Gesualdo da Venosa

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His name is mostly linked to music: he was a fine madrigal, sacred and polyphonic music composer. He’s considered one of the main innovators as far as the music language is concerned and, according to some, the most exquisite madrigal composer of his time. Since the XX century, Gesualdo was such an inspiration for a number of modern composers, fiction and musical drama. He was born in Venosa the 8th March 1566 from Fabrizio and Geronima, sister of Carlo Borromeo, archbishop of Milan and future saint. He was educated at the Jesuites institute in Naples, studying theology, literature and music. Young Carlo revealed soon his talent. At 19 he published his first motet. In 1584 his elder brother Luigi died and Carlo, prince of Venosa, had to safeguard their lineage. At 20 he got married to her cousin Maria D’Avalos, upon their families’ will. She was already a mother and widowed, six years older than him and described as a charming woman by the chronicles of the time. The relation between the two was tormented. Carlo used to fully live his passions and Maria began a relationship with the married and father Fabrizio Carafa, duke of Andria. For a long time, they would meet at the Gesualdo palace in Naples, until scandal spread. The prince remained indifferent, but pressures from without led him to homicide, to save the honour of his family: during the night of 17 October 1590 he pretended to leave for hunting, but managed to catch the lovers in the act. The two were killed by his servants and their bodies naked and lacerated showed to the city that the honour of the prince was safe. Confessing the crime to the earl of Mirando, delegate of the king of Spain in Naples, Carlo was soon absolved for “right cause”.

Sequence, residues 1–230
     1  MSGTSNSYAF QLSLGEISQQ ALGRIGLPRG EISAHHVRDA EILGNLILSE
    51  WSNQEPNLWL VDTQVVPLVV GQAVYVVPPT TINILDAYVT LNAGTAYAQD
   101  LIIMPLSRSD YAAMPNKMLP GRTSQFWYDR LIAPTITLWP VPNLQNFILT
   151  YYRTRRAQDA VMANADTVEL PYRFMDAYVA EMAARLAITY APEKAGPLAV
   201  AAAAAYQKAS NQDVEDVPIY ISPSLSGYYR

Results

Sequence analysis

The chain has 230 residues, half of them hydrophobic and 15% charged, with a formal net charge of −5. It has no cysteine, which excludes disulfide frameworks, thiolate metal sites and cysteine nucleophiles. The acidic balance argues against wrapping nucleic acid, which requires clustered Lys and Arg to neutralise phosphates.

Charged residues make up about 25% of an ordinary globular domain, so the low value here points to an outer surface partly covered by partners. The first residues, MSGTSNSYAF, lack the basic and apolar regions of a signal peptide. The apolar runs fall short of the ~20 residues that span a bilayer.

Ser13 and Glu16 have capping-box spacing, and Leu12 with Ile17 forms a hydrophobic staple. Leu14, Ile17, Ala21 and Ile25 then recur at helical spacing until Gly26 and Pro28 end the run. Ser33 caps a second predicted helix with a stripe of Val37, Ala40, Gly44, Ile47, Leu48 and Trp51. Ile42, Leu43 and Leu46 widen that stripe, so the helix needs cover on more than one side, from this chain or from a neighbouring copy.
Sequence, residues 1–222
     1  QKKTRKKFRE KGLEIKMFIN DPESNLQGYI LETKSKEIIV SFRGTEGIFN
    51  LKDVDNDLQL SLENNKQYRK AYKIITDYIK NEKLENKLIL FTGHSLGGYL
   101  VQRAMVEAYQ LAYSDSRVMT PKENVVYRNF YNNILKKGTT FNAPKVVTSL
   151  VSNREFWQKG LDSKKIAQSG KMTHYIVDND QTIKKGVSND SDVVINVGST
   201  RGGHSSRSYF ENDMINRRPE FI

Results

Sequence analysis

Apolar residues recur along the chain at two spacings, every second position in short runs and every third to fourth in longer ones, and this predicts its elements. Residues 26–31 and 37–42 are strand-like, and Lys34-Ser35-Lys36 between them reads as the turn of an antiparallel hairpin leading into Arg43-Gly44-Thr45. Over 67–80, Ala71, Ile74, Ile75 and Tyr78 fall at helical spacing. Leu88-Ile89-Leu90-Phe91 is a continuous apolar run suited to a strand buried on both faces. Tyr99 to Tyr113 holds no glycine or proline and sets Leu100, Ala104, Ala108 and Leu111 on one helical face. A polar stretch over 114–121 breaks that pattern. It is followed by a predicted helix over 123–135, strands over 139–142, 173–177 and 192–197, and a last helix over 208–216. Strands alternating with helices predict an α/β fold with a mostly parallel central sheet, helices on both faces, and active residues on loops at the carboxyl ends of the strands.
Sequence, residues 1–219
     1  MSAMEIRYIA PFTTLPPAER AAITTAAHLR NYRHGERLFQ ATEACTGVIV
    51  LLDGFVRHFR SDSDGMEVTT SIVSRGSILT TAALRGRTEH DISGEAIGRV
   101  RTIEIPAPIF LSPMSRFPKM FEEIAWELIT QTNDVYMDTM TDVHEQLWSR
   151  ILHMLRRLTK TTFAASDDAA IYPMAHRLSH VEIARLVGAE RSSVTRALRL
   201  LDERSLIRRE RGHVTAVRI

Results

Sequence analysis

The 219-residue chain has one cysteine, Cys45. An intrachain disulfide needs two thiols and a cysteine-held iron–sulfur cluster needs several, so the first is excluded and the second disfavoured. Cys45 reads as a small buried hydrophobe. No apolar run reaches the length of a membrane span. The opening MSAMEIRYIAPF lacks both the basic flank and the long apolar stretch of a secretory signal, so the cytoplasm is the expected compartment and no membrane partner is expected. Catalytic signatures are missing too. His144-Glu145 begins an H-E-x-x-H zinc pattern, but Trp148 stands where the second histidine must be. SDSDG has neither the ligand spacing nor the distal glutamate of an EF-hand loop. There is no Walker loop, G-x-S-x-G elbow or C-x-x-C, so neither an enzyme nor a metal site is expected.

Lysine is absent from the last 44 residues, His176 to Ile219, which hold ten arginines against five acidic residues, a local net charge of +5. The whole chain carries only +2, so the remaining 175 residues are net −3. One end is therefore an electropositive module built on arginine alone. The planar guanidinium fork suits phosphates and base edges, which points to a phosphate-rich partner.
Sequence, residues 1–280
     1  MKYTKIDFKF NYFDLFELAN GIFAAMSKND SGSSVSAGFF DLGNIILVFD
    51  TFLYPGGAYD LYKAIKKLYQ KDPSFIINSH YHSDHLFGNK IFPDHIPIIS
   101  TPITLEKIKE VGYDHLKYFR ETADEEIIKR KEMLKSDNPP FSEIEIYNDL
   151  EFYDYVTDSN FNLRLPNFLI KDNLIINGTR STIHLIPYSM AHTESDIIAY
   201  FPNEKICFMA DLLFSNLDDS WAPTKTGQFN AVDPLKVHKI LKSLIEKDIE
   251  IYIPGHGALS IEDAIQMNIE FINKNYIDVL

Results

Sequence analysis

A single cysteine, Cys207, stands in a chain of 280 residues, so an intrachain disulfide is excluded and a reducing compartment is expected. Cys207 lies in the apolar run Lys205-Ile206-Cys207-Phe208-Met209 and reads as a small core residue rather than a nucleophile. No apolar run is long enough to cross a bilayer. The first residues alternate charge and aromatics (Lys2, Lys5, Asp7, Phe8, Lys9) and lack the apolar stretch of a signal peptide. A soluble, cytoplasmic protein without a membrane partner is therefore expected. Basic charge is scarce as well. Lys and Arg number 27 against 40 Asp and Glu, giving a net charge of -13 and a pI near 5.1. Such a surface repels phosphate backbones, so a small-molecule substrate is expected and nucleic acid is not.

In 1594 Carlo married Eleonora d’Este. They had one child, Alfonsino, that died soon. In Ferrara, Carlo Gesualdo entered the most aristocratic and exclusive musical academy of the time, but he could not dialogue with anyone on both an artistic and human level but with the duke Alfonso D’Este. When the duke died in 1596, Carlo decided to return to the Gesualdo castle, restored and transformed into a luxury house with enough space for musicians. During this period of his life, 17 years, he was obsessed with atonement of his sins and build a number of churches, monasteries and monuments. A canvas by Giovanni Balducci “The forgiveness to Carlo Gesualdo” portrays the prince kneeled and pleading next to his uncle Carlo Borromeo. The Gesualdo lineage end with the death of Carlo’s son Emanuele in June 1613, three months before his father. Carlo’s tomb is in the church Gesù Nuovo in Naples, S. Ignazio chapel.

Carlo Geusaldo

The forgiveness of Gesualdo - Giovanni Balducci, 1609 - Santa Maria delle Grazie Church, Gesualdo (AV)



is not merely a place: it is an avant-garde idea generated and nourished in an Italian province, quite far from huge capitals.

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